George Boardman: Police will just get more scrutiny if they don’t address the trust issue | TheUnion.com

George Boardman: Police will just get more scrutiny if they don’t address the trust issue

George Boardman
Columnist

The aftermath of the recent shooting of Stephon Clark by two Sacramento police officers shows once again that it is becoming increasingly difficult to trust officials when these incidents occur.

The cops — one white and one black — were responding to reports of a man vandalizing cars when they encountered Clark in the backyard of his grandmother's home. The police apparently thought this incident was so important that they dispatched a helicopter equipped with night vision technology to track down the 22-year-old black man.

The police immediately opened fire when they made contact with Clark, firing 20 rounds at him. The cops later said they thought Clark had a gun and was approaching them in a threatening manner.

The only weapon Clark had was a cell phone. An autopsy commissioned by his family revealed Clark was shot multiple times, once in the side and six times in the back. If he was approaching the police, he was backing up toward them. One more thing: The police turned off the audio of their body cameras shortly after the shooting occurred.

The police may well be telling the truth — it's easy to second-guess people after they make split-second life and death decisions — and there may be an innocent explanation for why the audio was turned off (I can't wait to hear it), but the actions to date suggest that the code of silence is once more being activated as civilian authorities question police conduct.

We've seen too many incidents in recent years where the police version of events doesn't square with the facts, and where egregious police behavior goes unpunished while people — generally black people — die.

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Two incidents in recent years make the point. Laquan McDonald, a 17-year-old black with PCP in his system and a short knife in his hand, was shot multiple times by a Chicago policeman in 2014 less than a minute after the cop arrived at the scene. As usual, the cop claimed McDonald came at him in a threatening manner.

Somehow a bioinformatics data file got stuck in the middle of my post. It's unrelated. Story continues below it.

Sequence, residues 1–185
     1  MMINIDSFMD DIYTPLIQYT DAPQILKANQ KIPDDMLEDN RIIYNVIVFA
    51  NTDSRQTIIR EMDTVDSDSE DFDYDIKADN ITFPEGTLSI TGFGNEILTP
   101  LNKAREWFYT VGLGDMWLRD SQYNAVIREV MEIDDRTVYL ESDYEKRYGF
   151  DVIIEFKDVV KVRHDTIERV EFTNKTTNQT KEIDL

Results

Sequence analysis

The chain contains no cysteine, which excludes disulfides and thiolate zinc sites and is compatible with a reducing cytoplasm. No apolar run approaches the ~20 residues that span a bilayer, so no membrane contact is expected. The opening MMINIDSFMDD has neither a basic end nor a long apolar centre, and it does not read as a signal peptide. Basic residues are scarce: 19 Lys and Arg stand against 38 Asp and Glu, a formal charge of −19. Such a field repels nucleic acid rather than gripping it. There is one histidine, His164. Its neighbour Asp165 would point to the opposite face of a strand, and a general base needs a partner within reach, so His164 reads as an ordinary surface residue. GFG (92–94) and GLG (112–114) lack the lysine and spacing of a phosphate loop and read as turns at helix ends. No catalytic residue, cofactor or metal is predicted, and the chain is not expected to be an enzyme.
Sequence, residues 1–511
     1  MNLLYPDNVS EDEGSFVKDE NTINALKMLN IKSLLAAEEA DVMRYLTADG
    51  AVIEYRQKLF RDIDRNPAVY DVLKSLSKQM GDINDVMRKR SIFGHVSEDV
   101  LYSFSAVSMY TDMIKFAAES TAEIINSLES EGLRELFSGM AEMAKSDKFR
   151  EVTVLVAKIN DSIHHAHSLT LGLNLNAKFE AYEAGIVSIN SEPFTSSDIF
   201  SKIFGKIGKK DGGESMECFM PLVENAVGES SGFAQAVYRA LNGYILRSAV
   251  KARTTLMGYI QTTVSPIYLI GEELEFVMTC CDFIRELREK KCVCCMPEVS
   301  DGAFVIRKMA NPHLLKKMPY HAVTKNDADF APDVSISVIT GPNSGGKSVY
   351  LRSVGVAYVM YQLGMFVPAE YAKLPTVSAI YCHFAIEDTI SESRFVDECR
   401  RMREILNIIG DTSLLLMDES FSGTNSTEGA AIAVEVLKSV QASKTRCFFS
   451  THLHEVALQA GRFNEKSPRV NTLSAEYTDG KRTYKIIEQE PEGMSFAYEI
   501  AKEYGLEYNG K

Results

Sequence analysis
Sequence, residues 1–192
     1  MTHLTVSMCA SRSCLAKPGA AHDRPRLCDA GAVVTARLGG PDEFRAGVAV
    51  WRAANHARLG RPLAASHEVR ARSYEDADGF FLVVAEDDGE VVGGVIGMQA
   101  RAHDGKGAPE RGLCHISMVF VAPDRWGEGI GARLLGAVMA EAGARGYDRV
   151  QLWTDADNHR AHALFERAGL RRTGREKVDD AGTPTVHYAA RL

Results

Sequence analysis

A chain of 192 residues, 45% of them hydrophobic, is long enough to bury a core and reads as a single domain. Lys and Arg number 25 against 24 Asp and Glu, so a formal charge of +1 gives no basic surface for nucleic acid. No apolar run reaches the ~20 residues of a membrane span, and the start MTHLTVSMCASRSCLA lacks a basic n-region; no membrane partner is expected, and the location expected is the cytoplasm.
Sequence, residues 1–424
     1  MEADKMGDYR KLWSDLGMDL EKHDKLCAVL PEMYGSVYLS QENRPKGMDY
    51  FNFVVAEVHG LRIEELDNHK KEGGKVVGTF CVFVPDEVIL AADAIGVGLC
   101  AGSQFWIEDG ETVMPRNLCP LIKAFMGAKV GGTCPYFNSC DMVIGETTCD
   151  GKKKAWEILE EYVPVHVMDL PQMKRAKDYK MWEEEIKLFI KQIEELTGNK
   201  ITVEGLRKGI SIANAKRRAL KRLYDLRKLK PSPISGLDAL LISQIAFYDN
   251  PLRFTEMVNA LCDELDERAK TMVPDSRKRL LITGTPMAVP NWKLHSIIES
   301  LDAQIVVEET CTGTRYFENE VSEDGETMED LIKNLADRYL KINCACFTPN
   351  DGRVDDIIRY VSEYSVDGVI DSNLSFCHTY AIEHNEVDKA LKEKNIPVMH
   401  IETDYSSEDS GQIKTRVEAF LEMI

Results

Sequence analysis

But video released more than a year later showed McDonald stumbling down the middle of a street, away from the cop who shot him. Almost a dozen cops witnessed the incident, and they backed-up the shooter's story. The video showed they were lying. The city charged the shooter with murder, and moved to fire him and four other officers.

Then there's the case of Alton Sterling, back in the news again recently when the state of Louisiana decided it wouldn't file charges against the cops responsible for his death. The two cops wrestled Sterling to the ground and were on top of him when one pulled his gun and shot him six times. That cop was fired and the other was given a three-day suspension.

Thanks to laws like the Peace Officers' Bill of Rights in California, it is difficult to get information on police use-of-force incidents and other actions that may be called into question. Except in the most egregious cases, law enforcement agencies have shown little appetite for disciplining their personnel. When it comes to the issue of applying force, courts have given the police wide latitude.

Thanks in part to the Clark shooting, several California legislators want to change that. Assembly members Shirley Webber, D-San Diego, and Kevin McCarthy, D-Sacramento, have introduced AB 931 to more narrowly define use of force.

The bill would permit lethal force only when it's "necessary," meaning when there is no other way to prevent "immediate" injury. Law enforcement officers whose own actions made such force necessary would no longer be justified in killing suspects.

"We want to put it in their mind that there are other options that they should utilize prior to that, that using deadly force is an extreme option," Webber said. "That's force you can't bring back."

State Senator Nancy Skinner, D-Berkeley, wants to put a dent in the Peace Officers' Bill of Rights with SB 14211, which would force law enforcement agencies to release the detail of use-of-force investigations, confirmed cases of sexual assault, and lying while on duty.

It's questionable if either of these bills will become law. Similar efforts have failed in the past, and police unions and other law enforcement advocates wield considerable power in Sacramento. The California Peace Officers Association has already come out in opposition to the Assembly bill. When given the choice, they'd rather hide behind the court rulings and laws currently on the books.

This attitude can be self-defeating in the long run. It's no secret that policemen are most effective when they have the trust and cooperation of the public, but that only comes when the public is convinced the police are operating in an ethical and trustworthy manner. If cops have the authority to take away my freedom or my life, I want them to be like Caesar's wife — above suspicion.

But police are viewed with suspicion when they address a controversial action by circling the wagons, and are slow to weed out the bad apples from their ranks.

Most people realize that police work is difficult and that split-second decisions are easy to criticize, but law enforcement will just bring more restrictions on itself if it refuses to be more open with the public when incidents like the Clark shooting occur.

George Boardman lives at Lake of the Pines. His column is published Mondays by The Union. Write to him at ag101board@aol.com.

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